Weekly Market Update: August 1, 2022

Alex Ralicki |
Wall Street has so far taken second-quarter earnings season in stride. That does not imply that quarterly results have been great or even satisfactory in some instances. The news, though, has probably not been as bad as feared. And the positive surprises have occasionally even brought investors back into some recently out-of-favor equities (e.g. Netflix).
The Federal Reserve remains aggressive on the monetary policy tightening front. It was announced late last week, after the latest Federal Open Market Committee (FOMO), that the benchmark short-term interest rate would raise another 0.75%.
More-restrictive monetary policies are starting to produce the slowdown in demand the Fed was hoping for in its battle to drive prices lower. Investors need not look any further than the cooling of the housing market. There, elevated financing costs, fueled by the aggressive rate-hike environment, and a limited supply of available homes, have made buying a home less affordable. Mortgage rates recently surged to a level not seen since late 2008.
Hopes of a more-hawkish Federal Reserve orchestrating a “soft landing” for the U.S. economy are fading. The inverted Treasury yield curve, which occurs when the rates on short-term notes exceed those of longer-duration government debt, may be an indication that the economy is heading toward a recession. A period of stagflation, where slowing growth occurs at the same time inflation is high and unemployment is rising, can’t be ruled out either. The recent uptick in initial weekly unemployment claims (to an eight-month high) and more companies, including technology behemoth Apple, announcing workforce reductions may be signs of some emerging weakness in the labor market.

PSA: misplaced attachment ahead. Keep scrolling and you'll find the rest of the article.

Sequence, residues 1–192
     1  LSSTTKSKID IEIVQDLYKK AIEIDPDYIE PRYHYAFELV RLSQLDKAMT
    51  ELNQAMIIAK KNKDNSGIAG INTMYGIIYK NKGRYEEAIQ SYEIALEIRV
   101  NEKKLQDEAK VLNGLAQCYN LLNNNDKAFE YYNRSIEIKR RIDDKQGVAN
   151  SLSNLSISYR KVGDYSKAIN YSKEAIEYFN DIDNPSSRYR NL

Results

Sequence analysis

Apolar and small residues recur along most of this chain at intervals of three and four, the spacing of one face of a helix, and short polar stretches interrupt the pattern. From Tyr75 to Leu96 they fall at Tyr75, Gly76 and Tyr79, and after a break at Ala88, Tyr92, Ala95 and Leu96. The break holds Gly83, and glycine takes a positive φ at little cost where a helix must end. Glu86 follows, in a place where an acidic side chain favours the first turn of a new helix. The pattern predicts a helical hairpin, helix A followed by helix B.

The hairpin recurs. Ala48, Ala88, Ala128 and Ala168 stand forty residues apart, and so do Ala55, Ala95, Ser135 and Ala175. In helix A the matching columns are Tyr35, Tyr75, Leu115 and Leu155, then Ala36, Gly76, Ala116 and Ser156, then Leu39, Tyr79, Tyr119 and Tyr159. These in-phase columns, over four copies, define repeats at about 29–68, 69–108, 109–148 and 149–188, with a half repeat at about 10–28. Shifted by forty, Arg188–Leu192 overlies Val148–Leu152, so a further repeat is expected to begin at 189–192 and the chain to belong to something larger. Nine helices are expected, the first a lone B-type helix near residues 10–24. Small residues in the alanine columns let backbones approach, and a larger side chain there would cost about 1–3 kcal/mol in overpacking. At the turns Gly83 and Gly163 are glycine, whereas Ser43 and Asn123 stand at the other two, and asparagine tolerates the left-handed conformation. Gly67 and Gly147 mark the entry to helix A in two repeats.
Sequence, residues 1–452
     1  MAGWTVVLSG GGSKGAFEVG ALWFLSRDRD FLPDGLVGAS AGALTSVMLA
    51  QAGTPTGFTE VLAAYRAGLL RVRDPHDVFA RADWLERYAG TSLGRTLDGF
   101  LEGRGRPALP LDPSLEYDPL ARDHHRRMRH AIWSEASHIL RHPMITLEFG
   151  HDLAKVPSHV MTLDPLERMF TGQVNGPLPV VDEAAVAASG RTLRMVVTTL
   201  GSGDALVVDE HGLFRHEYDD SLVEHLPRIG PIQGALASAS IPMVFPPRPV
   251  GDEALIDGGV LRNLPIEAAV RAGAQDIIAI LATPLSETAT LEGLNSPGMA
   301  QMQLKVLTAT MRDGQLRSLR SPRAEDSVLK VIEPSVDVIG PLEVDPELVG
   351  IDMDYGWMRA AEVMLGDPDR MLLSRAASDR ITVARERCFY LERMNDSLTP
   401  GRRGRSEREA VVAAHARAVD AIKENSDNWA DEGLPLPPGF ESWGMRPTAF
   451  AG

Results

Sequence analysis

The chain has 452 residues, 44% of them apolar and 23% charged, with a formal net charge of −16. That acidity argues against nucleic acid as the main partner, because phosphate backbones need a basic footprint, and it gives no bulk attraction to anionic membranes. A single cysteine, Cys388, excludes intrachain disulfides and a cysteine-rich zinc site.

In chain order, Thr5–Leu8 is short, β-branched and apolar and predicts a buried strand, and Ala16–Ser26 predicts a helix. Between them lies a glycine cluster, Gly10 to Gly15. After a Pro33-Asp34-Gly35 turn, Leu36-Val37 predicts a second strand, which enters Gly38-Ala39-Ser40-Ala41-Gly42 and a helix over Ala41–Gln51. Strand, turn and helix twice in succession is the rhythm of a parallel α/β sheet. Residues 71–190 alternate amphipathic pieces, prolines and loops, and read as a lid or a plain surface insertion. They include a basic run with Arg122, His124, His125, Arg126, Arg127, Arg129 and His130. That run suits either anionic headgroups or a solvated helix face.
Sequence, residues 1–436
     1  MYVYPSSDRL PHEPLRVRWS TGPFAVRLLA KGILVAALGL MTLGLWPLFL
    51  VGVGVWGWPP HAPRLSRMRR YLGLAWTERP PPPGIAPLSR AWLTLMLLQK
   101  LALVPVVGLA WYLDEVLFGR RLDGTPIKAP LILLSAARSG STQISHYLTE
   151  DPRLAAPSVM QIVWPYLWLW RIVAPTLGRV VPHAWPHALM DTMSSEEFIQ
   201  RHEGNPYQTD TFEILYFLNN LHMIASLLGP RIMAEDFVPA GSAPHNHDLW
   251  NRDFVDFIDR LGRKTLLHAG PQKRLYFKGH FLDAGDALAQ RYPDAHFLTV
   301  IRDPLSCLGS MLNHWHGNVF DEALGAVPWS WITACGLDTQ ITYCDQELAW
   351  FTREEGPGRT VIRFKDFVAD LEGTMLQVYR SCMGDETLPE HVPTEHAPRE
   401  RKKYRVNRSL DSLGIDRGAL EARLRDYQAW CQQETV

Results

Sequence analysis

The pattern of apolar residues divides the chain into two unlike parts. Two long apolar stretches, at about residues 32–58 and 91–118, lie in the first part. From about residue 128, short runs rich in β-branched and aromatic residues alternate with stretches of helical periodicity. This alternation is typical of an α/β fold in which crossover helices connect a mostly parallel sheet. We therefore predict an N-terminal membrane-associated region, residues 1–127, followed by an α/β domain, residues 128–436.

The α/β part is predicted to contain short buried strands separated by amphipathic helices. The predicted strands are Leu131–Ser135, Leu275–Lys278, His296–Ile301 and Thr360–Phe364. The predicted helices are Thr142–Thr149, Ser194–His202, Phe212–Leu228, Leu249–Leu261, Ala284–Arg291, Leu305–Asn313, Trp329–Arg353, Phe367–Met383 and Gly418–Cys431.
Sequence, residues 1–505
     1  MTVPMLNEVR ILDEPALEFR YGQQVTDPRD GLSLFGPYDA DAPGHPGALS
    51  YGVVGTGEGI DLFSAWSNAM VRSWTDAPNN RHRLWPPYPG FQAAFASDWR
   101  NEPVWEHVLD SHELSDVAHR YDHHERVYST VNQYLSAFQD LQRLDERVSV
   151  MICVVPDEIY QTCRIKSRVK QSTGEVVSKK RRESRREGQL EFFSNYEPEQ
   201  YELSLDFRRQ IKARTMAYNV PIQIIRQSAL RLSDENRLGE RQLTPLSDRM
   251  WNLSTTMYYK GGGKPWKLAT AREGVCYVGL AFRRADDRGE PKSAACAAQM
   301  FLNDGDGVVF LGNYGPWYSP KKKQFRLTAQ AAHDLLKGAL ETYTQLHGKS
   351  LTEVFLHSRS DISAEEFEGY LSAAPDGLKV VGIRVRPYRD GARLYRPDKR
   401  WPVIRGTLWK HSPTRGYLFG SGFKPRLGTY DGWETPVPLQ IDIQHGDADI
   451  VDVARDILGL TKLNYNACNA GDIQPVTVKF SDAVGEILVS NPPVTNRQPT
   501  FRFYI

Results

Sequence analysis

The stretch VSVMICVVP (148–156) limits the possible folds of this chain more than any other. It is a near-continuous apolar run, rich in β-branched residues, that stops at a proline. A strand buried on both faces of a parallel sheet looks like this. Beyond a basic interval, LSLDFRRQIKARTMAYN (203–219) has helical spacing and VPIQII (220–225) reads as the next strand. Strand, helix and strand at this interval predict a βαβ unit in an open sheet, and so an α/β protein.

Conclusion: We don’t think this is the time to throw caution to the wind. There is still a lot of uncertainty for investors, including geopolitical concerns overseas and the impact of the Federal Reserve aggressively tightening the monetary reins into a period of slowing economic growth.
Source: ValueLine.com